War vet Sen. Duckworth on Trump draft deferments: ‘I'm sorry, but it's baloney’

War vet Sen. Duckworth on Trump draft deferments: ‘I'm sorry, but it's baloney’ He's stealing from the military,” Sen. Duckworth told the Yahoo News show “Through Her Eyes.” “He's sending troops to the border to sit around in the desert,” she added. Sen. Duckworth was not impressed. “He likes the idea of war. “He's been a warmonger for a very long time.


Far-right UK student jailed over Prince Harry online posts

Far-right UK student jailed over Prince Harry online posts A far-right university student who called Prince Harry a race traitor and created an image of him with a pistol to his head was on Tuesday jailed in Britain for more than four years. Michal Szewczuk, 19, posted the image, which also featured a blood-splattered swastika, on microblogging platform Gab in August last year, months after the prince married mixed-race actress Meghan Markle. Szewczuk, who was jailed for four years and three months, pleaded guilty to two counts of encouraging terrorism and five counts of possession of terrorist material, including the White Resistance Manual and an Al-Qaeda manual.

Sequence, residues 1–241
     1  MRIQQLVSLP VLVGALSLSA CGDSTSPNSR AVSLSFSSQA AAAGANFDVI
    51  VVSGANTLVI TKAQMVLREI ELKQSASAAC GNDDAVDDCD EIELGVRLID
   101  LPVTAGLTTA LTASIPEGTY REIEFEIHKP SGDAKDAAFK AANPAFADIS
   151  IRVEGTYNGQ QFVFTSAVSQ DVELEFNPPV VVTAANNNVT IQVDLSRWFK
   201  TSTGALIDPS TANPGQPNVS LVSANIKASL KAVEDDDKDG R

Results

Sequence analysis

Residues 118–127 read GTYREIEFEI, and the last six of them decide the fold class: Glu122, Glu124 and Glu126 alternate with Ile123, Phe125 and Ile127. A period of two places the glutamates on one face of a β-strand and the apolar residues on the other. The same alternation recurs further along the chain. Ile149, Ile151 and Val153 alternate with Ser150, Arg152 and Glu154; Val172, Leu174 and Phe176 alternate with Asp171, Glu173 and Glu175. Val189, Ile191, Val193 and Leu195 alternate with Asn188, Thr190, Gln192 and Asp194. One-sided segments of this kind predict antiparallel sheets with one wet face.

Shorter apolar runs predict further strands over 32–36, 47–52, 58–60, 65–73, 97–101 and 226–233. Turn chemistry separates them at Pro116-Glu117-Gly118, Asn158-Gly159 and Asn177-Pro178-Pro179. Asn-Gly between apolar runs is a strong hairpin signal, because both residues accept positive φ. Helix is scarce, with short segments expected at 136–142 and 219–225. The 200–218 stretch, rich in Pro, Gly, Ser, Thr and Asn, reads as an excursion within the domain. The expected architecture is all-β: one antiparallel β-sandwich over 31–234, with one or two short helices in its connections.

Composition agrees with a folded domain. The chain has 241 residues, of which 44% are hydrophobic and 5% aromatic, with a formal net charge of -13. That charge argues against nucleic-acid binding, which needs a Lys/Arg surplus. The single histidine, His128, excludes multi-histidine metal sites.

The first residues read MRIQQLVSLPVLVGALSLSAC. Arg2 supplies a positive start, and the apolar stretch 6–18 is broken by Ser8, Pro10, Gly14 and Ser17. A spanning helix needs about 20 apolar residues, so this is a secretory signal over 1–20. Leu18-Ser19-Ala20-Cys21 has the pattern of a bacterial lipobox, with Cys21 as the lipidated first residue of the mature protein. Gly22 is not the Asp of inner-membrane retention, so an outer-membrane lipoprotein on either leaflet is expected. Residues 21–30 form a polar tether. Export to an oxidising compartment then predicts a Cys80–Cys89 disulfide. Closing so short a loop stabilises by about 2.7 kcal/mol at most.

Oregon baker happy to get second chance after SCOTUS throws out wedding cake discrimination case

Oregon baker happy to get second chance after SCOTUS throws out wedding cake discrimination case The former owner of an Oregon bakery who refused to make a wedding cake for a gay couple says she's happy with the Supreme Court's decision to send the case back to the lower courts.


Venezuela's misery doesn't even spare the dead in Maracaibo